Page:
Background: Cognitive impairment affects many patients with multiple sclerosis (MS). NeuroTrax, a computerized cognitive screen that can be administered during routine clinical care, provides a consistent, validated, objective cognitive profile measure with a global cognitive score (GCS) and seven individual domain scores. Natalizumab is an efficacious therapy for relapsing MS, demonstrating reductions in disability worsening and MS disease activity measured by magnetic resonance imaging.
Objective: The aim of this study was to assess cognitive function as measured by NeuroTrax in MS patients treated with natalizumab for ≥ 2 years.
Methods: This retrospective observational study included adult MS patients in the United States who received 300 mg intravenous natalizumab every 4 weeks for ≥ 2 years. NeuroTrax data were evaluated at baseline and yearly thereafter. Changes in GCS and the seven individual cognitive domain scores from baseline to after 24 infusions of natalizumab were analyzed.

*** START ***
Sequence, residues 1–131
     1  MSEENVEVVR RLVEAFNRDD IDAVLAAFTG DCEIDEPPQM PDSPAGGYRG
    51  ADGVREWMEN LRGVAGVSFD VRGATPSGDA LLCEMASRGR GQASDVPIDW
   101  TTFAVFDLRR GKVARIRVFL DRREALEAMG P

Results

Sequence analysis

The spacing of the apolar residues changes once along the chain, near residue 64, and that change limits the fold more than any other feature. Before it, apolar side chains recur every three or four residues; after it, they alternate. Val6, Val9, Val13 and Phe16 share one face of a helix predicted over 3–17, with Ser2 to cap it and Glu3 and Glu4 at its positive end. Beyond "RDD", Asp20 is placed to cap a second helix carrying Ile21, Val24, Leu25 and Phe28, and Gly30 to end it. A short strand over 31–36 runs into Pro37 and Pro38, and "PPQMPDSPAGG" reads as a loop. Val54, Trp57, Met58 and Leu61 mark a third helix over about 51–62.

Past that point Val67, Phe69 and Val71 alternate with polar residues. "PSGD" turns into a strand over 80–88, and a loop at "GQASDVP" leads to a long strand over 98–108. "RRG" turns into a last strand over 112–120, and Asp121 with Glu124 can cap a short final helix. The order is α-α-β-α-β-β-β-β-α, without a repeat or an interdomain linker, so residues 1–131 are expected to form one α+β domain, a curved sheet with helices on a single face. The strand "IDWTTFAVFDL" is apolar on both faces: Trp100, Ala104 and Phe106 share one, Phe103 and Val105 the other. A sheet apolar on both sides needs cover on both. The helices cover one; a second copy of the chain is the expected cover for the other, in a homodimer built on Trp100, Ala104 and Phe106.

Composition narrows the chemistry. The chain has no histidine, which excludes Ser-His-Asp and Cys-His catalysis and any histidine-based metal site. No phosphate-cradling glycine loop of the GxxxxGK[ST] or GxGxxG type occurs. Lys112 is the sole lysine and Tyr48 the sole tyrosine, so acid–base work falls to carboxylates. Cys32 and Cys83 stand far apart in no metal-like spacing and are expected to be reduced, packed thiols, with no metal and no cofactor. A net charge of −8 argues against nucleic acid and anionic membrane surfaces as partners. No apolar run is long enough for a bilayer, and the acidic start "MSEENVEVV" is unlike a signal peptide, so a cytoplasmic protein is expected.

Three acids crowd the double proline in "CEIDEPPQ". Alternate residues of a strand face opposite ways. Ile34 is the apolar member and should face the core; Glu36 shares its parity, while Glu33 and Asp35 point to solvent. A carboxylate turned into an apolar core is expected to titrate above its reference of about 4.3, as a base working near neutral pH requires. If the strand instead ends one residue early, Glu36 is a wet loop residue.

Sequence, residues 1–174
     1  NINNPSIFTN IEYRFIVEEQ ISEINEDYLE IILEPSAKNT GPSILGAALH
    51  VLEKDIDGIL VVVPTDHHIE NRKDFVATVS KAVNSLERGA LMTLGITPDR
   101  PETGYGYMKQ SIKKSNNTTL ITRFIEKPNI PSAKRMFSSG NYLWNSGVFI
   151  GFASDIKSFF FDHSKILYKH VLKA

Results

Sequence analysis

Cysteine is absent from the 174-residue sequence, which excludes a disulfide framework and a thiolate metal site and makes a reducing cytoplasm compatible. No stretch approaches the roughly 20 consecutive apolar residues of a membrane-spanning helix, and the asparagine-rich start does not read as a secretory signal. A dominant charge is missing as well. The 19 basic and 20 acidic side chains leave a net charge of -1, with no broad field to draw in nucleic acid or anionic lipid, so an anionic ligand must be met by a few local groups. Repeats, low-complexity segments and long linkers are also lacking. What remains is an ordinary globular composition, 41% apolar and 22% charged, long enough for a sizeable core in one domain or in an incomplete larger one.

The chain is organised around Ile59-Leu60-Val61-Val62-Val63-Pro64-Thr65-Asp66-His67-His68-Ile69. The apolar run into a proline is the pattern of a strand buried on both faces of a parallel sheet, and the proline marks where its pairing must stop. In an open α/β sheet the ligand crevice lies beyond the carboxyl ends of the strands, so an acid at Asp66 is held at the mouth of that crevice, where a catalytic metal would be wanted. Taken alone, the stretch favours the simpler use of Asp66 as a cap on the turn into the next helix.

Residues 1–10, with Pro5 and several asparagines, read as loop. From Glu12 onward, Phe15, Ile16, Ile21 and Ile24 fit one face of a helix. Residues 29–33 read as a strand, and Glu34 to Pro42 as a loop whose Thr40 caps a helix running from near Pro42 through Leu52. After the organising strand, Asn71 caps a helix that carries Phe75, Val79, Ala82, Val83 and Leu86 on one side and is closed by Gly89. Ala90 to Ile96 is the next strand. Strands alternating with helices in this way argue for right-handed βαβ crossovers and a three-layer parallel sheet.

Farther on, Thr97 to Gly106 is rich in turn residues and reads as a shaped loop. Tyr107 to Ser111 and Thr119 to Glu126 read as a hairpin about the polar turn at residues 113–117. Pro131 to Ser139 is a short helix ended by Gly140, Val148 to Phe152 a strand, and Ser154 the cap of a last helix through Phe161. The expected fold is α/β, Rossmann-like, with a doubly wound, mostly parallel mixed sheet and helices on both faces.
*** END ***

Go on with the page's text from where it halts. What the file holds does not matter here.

Results: In the study population at baseline (N = 52), 22 patients (42.3%) had disease duration of 0-5 years; 12 patients (23.1%) were treatment naive. GCS score improved significantly from baseline [mean 95.5, standard deviation (SD) 12.9] to year 2 (mean 98.9, SD 13.2; change from baseline 3.4; p = 0.003). After 2 years on natalizumab, 17 patients (32.7%) demonstrated clinically significant improvement (increase from baseline > 1 SD) in GCS. Results were similar regardless of whether patients had previously received MS therapy.
Conclusions: Patients treated with natalizumab demonstrated significant improvement in cognitive function, measured by NeuroTrax GCS, over 2 years of treatment.